What Is Family Violence?

Definition of Family Violence

Conduct or behaviour (whether actual or threatened) by a person towards a family member, or property of a family member, that causes fear (or apprehension) for his/her personal wellbeing or safety. Family violence is about attempting to gain power and control over another person.

Family violence experts Dr. Richard Gelles and Dr. Murray Straus stated close to 20 years ago, and which is still true today in Canada: “You are more likely to be physically assaulted, beaten, and killed in your own home at the hands of a loved one than any place else, or by anyone else in society.”

These are just some examples:

Physical abuse includes hitting, pinching, slapping, pushing, punching, kicking, burning, stabbing, shooting, or being locked out. It may also include threats to cause harm.

Psychological abuse (sometimes referred to as emotional or verbal abuse) includes put-downs, name calling, jealousy, gossiping/backbiting, isolation from family and friends, and threats to leave the relationship or to commit suicide if the victim does not cooperate.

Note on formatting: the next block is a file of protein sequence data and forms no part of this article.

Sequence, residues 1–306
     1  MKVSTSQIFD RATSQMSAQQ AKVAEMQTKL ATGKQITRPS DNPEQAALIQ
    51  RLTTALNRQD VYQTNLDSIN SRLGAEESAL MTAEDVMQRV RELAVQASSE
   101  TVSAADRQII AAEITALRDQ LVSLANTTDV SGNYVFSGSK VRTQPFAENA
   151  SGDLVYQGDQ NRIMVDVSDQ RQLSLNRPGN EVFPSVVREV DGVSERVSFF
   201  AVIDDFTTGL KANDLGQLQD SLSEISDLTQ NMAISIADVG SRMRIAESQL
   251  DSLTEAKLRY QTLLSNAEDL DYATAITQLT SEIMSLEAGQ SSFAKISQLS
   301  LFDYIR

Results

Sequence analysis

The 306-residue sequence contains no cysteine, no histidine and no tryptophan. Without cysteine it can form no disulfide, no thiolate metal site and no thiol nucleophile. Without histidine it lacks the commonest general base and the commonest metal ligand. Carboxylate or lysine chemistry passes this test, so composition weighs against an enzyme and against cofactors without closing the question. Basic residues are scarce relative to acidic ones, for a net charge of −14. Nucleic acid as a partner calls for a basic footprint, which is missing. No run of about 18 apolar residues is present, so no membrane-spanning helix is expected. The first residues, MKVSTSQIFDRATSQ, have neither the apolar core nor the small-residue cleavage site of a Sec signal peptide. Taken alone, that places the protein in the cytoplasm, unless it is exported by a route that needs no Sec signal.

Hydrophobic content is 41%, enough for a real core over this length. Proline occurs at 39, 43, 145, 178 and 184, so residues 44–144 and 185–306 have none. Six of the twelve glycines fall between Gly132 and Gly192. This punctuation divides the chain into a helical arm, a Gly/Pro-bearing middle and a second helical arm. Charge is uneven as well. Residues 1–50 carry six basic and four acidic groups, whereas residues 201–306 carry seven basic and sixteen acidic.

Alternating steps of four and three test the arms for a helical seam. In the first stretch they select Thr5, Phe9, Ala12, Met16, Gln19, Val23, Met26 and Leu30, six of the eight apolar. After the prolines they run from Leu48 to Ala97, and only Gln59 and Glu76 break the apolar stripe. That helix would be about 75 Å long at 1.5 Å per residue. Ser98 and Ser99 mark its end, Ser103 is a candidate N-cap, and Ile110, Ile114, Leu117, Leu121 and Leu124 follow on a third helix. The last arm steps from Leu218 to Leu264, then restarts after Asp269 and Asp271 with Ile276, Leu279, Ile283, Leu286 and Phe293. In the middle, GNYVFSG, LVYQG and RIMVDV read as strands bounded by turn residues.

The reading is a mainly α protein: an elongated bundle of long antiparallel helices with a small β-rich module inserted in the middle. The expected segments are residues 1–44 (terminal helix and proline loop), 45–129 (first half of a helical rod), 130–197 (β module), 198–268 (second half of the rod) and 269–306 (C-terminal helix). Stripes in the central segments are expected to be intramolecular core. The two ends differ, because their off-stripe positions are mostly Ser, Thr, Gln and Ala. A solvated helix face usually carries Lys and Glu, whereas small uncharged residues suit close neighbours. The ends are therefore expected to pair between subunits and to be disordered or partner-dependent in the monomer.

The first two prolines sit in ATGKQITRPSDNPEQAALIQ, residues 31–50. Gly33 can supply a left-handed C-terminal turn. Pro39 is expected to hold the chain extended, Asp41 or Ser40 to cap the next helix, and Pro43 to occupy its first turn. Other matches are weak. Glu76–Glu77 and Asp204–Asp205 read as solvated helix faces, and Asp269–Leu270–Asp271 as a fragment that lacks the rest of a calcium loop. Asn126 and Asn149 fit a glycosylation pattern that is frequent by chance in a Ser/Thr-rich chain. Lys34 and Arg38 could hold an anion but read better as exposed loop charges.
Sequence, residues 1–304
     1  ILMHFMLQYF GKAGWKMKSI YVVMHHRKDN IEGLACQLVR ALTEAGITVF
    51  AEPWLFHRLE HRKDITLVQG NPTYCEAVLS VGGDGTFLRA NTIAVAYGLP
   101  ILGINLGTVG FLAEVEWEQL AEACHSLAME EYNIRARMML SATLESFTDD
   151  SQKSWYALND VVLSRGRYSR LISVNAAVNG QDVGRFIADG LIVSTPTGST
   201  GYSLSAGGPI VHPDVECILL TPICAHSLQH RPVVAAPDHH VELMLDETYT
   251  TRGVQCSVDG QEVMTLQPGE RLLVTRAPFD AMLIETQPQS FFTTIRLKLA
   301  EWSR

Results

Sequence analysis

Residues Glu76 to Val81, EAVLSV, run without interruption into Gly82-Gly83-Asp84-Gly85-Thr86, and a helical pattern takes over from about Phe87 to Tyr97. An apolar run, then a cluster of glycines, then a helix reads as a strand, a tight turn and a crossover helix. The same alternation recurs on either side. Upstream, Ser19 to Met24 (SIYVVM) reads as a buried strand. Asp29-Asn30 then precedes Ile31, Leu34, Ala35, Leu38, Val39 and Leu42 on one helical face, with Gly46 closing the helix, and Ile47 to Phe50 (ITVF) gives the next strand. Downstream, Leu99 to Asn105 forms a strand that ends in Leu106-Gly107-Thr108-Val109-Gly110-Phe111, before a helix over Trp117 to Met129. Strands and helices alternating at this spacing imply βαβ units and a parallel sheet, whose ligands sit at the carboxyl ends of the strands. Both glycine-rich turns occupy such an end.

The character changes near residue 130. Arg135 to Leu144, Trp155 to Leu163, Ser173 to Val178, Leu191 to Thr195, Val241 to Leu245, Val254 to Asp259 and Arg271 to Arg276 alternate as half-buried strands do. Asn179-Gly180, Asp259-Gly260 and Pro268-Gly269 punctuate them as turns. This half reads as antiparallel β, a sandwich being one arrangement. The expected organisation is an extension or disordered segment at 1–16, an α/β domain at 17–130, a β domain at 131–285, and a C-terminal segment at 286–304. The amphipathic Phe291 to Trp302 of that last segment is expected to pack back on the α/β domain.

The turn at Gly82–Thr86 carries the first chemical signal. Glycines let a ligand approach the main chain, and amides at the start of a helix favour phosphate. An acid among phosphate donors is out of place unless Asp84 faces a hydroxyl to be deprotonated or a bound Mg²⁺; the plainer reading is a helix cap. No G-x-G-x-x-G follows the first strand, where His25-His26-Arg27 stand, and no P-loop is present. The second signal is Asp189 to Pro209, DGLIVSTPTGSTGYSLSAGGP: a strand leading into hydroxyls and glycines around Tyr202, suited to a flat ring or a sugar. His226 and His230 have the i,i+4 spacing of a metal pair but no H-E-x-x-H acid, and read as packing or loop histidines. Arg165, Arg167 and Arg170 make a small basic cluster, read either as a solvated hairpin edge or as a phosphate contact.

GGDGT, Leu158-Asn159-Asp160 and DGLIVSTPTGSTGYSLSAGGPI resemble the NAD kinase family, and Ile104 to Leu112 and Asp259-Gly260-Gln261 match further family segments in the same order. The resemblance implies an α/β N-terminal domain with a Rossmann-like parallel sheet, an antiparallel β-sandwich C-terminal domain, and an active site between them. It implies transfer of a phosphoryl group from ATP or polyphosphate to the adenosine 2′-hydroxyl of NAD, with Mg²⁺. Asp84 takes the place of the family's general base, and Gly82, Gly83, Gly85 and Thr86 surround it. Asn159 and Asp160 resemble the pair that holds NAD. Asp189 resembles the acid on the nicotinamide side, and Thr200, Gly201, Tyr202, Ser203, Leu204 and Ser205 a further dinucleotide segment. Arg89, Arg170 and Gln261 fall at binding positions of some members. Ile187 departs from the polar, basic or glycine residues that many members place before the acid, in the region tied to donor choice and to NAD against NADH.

Sexual abuse includes unwanted touching, unwanted sexual activity, or exposing self sexually. It may include control over birth control, forced pregnancies or abortions, and intentional transmission of sexually transmitted infections (STIs).

Financial abuse occurs when an individual uses finances to control another individual. This could include forcing a person to hand over all or some of their money, denying someone access to money, or prohibiting them from getting a job.

Spiritual abuse occurs when an individual uses religious or spiritual matters to control another, such as forcing another to follow a particular faith or give up their religion. Elder abuse is disrespecting older people financially, emotionally, physically and/or spiritually.

Elder abuse is disrespecting older people financially, emotionally, physically and/or spiritually. 

The abuser may use a number of tactics other than physical violence in order to maintain power and control over his or her partner.

Where can I find help, where can anyone find help?

Talk with someone you trust, someone who cares about you. Health staff, a teacher, an elder of a friend. If there isn’t anyone you can trust you can call the 24/7 provincial toll-free crisis line: 1 877-977-0007

We gather in unity to awaken the spirit and the will within honouring life.